Case Study: Club Chaos

Essay, 2003

10 Pages


Table of Contents


1. What is the structure of Club Chaos? How does each of the elements of structure at the Club Chaos contribute to the management problems at Club Chaos?

2. How might the Rational Decision Making Model be used in making changes at Club Chaos?

3. Using the theories and principles of management philosophies, describe and explain the management problems at Club Chaos

4. Referring to the related readings on 68-69 “Wanted: Good Managers”, does this article suggest that the Classical or Behavioral School is better suited to managing people?

5. Referring to the Related Readings on pages 101-102, “Should we make big bets in business?” explain what is the meaning of “making big bets in business.” Does this advice follow the view of the rational or non-rational decision making process?

Works Cited

Case Study: Club Chaos


Club Chaos is a non-profit, members only, exclusive country club. This elite club offers its members a variety of services including: a golf club, tennis, a plethora of dining services and much more. However, despite their extensive facilities and privileged members, Club Chaos is suffering from serious organizational challenges, which could lead to their utter demise. The answers to the questions following help analyze the situation further.

1. What is the structure of Club Chaos? How does each of the elements of structure at the Club Chaos contribute to the management problems at Club Chaos?

An effective and efficient organizational structure can be exactly the competitive edge a company needs to place it at the forefront of its industry. Employ an inefficient and/or ineffective organizational structure, and a company is destined to fail. A company’s organizational determines its productivity. It affects its profitability. In the end, organization structure is a management tool, to control differentiation and integration.

There are six typical organizational structure types that most companies can be categorized: functional, geographical, product, division, customer, and matrix. Functionally structured organizations offer several benefits. Most importantly, “it provides good control over personnel, since each employee has one and only one person to report to.” (“Functionally Structured”) This, in most cases, is the most efficient organizational structure.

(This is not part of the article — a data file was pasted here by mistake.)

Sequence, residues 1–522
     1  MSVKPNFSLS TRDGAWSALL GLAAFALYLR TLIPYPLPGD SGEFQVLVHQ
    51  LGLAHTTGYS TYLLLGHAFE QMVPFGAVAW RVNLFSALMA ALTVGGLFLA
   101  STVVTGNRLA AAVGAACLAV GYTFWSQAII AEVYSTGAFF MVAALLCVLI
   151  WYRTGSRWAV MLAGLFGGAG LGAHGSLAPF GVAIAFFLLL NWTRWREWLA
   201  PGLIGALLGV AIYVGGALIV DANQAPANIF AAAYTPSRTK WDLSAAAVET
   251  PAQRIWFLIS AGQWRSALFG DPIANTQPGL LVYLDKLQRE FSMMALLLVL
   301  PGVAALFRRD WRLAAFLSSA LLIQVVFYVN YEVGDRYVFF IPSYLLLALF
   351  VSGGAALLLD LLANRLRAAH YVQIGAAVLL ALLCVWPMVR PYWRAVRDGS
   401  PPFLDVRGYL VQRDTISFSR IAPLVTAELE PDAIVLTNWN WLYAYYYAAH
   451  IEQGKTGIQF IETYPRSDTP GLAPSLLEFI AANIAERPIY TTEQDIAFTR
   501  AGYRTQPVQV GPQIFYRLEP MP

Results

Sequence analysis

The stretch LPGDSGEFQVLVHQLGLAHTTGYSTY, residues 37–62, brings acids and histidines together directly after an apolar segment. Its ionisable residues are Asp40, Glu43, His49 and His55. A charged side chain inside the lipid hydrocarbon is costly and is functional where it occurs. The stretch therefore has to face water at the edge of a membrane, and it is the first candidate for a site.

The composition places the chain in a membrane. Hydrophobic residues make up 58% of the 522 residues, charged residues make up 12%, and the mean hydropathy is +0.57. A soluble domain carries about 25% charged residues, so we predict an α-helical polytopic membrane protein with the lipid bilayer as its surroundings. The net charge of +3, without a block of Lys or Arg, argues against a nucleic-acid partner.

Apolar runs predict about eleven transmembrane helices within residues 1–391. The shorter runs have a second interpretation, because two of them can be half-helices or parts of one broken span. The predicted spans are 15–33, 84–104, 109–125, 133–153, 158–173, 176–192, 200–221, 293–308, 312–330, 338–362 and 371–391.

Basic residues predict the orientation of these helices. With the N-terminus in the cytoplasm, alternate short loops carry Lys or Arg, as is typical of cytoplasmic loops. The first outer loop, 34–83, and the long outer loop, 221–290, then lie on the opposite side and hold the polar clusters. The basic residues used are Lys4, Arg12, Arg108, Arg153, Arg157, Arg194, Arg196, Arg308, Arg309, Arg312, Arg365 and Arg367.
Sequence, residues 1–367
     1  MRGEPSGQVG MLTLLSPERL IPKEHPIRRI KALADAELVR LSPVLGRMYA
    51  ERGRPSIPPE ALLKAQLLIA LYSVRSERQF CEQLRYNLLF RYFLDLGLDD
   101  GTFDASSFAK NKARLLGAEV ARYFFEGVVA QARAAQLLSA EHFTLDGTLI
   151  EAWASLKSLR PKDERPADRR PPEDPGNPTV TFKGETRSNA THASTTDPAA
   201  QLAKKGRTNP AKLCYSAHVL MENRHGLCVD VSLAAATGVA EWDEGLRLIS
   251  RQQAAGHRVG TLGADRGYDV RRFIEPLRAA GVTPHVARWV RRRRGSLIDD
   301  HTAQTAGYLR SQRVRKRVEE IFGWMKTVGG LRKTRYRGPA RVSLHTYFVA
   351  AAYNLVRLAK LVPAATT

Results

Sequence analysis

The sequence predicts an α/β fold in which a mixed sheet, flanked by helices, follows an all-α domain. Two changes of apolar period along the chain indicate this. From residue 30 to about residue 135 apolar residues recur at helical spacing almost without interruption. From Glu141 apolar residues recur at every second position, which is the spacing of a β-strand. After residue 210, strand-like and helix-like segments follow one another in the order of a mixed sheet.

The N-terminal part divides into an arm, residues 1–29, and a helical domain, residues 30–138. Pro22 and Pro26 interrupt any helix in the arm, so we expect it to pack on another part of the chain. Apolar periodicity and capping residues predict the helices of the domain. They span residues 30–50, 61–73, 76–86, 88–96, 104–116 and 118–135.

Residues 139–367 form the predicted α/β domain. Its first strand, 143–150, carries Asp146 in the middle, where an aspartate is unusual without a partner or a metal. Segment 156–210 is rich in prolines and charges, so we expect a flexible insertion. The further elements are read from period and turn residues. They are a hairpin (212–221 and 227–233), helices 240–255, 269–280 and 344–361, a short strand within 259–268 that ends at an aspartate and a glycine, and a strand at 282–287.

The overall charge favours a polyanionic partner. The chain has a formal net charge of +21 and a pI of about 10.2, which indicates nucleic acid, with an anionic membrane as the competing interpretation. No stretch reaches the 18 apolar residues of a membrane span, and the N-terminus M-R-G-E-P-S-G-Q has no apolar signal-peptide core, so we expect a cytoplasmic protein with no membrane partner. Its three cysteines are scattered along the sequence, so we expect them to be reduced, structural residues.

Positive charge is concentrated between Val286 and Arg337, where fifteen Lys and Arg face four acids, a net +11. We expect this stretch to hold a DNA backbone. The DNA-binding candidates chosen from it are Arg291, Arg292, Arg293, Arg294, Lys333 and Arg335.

Club Chaos, however, is a divisional type organizational structure. “Divisional structure extends product structure by organizing around product groups.” (Kukalis) This type of structure relies heavily on upper level management at each division to make effective management decisions.

Club Chaos has been divided into seven divisions overseen by Divisional Managers, and then by Clubhouse Manager Rocco. This structure is ineffective, especially given the leadership in these pivotal managerial roles. Rocco’s lack of business experience and education has taken a good system and ruined it. His actions have driven away key managers, such as Cathy, and replaced them with unqualified candidates who simply cannot perform at the level needed to keep the organization running smoothly.

2. How might the Rational Decision Making Model be used in making changes at Club Chaos?

To take benefit from the Rational Decision Making Model, Club Chaos management needs to utilize all six steps of the process. These steps include:

1. Recognize/Define the problem
2. Develop alternatives to the problem
3. Evaluate the alternatives and fully understand the consequences of each
4. Choose which alternative is the best for their situation
5. Implement the alternative
6. Evaluate the effectiveness of their chosen solution (Michli)

Club Chaos has to first define where there problem areas are. This may include acknowledging that the two most senior management members, Antonio and Rocco, simply do not have the experience and education necessary to run a large organization, such as Club Chaos. This may also include acknowledging that simply slashing costs is not always the most effective ways to increase profitability, and, as they’ve experienced, can be counter-productive to their efforts, actual reducing sales and thereby reducing profits.


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Case Study: Club Chaos
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Kimberly Wylie (Author), 2003, Case Study: Club Chaos, Munich, GRIN Verlag,


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